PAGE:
Sprint recently announced it will soon launch America’s first WiMax smartphone, the HTC Evo 4G. This smartphone looks much like the HTC HD2 now offered by T-Mobile, but it operates on America’s dominant WiMax network, built by Clearwire where Sprint is a 57% equity holder.
Let’s establish the WiMax advantage over the current 3G networks operated by all major carriers. Clearwire’s WiMax network has at least four major advantages over HSPA (AT&T and T-Mobile) and EVDO (Verizon and Sprint):
Upload and download speeds are higher. How much higher? Here is where it gets tricky. On paper, Clearwire is quoting numbers that are only approximately double that of the 3G networks. That’s not the whole story, however. Which brings us to the next point.
The real speed experience is similar to that of a freeway. What matters is not how fast ONE car can go, but how fast ALL cars can go when the freeway is near capacity. In the case of Clearwire, it has a lot more spectrum at its disposal than its competitors. Clearwire has 120 MHz on average per market. Compare this
to what most operators purchased near 700 MHz some 2-3 years ago: around 20 MHz, or 1/6th. This means a 6x wider freeway for Clearwire. So you can fit a lot more subscribers – or have the subscribers do more things simultaneously. This is the bandwidth tonnage that matters in a battle.
3. TDD vs. FDD.
Imagine if on a freeway you could dynamically, every fraction of a second, allocate the direction of any given lane. This would mean allocating the width of the freeway to the direction where there was more traffic. Effectively, this increases capacity materially. As a result, Clearwire’s 6x advantage over the old networks may feel more like a 10x.
Speed of uploads and downloads is important, but latency is often even more important. You don’t want that initial two-second "wait" before things start happening, after you click or press. In my personal experience as a Clearwire customer, I get latency around 70ms, compared to 140ms-280ms with my previous EVDO and HSPA connections. That’s a 2x-4x advantage for WiMax, and makes it "feel" like a cable modem as opposed to a second-class wireless citizen.
All in all, until other WiMax smartphones are announced, the first one to hit the market this summer is the Android-based HTC Evo 4G. The superior performance of WiMax will enable users to do things where nothing else can fully compensate in terms of competitive gunpowder.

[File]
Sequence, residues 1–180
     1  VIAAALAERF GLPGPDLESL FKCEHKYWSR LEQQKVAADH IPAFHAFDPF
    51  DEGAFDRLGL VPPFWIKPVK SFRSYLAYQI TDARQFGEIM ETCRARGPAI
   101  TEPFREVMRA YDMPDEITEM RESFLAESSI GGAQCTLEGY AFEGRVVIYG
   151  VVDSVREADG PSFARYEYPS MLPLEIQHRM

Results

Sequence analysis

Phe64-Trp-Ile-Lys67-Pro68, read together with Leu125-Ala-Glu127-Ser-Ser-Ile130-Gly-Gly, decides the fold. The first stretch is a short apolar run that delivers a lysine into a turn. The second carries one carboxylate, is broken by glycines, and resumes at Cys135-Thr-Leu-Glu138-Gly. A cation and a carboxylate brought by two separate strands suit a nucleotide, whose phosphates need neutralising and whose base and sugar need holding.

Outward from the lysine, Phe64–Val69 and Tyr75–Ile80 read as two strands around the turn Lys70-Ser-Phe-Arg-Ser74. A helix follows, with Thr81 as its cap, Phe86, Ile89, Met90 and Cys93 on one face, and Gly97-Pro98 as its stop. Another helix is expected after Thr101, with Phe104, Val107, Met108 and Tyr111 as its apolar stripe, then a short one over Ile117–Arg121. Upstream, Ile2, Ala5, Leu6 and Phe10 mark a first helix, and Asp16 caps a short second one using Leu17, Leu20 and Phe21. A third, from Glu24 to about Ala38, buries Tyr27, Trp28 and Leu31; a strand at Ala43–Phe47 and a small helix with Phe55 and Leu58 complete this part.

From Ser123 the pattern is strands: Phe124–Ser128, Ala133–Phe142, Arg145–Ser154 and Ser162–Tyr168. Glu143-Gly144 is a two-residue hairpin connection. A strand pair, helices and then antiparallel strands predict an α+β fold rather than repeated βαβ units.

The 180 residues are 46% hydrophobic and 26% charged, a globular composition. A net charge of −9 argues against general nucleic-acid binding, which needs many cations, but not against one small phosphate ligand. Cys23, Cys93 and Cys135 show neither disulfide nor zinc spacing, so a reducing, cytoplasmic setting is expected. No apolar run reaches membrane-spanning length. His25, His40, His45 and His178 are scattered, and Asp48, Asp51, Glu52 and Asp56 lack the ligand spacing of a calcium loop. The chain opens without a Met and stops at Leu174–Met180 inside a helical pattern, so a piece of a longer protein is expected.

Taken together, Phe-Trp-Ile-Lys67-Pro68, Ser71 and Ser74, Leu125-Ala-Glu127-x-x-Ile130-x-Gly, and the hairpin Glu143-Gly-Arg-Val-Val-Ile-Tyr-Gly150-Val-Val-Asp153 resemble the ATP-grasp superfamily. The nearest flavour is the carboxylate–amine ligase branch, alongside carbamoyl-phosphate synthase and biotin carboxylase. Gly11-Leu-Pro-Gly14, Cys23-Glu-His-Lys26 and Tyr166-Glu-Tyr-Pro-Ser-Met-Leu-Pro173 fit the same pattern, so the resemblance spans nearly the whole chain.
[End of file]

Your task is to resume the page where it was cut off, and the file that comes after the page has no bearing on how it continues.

Sure, the next-generation iPhone from AT&T – and Verizon or other carriers – will bring all sorts of yet-unknown innovation to the table, probably in relation to software, content and services. But without WiMax, any such product – iPhone, Blackberry, Palm, Nokia/Symbian or Microsoft – will be notoriously handicapped in its ability to deliver a proper broadband experience.
You have to ask yourself the following question: Do you accept the premise that the biggest complaint about the current AT&T iPhone is its network performance? If you do, you cannot simultaneously say that the superiority of WiMax won’t matter.
WiMax offered by Clearwire – and integrated into various Sprint-branded offerings, because Sprint owns some 57% of Clearwire – reigns alone until the fourth quarter of 2010, when Verizon launches approximately 20 MHz of FDD-based LTE, compared against Clearwire’s up to 120 MHz of TDD-based WiMax. Verizon’s initial LTE offerings will be primarily USB-based modems and portable WiFi hotspots, such as those built today by Novatel and Sierra Wireless. Some time in 2011, the first LTE-based smartphone will begin to appear, giving Sprint/Clearwire approximately a one-year lead.
We do not know how long Android’s WiMax advantage will last. It is eminently possible that a Blackberry, Microsoft or Apple WiMax smartphone will appear on Sprint/Clearwire before 2010 is over, but I also cannot find any evidence for any of those to occur. Nokia and Palm appear very unlikely to launch anything-WiMax even in 2011 or even ever. To the extent that Blackberry, Microsoft and Apple don’t launch a WiMax smartphone for the Sprint/Clearwire networks in the
coming months, this will be an important advantage for Google with Android.
Verizon’s advertisements often say "It’s the network." The problem is that in this case, it’s not their network. It’s Clearwire’s WiMax network, offered by Sprint, and with Google/Android powering the initial smartphone.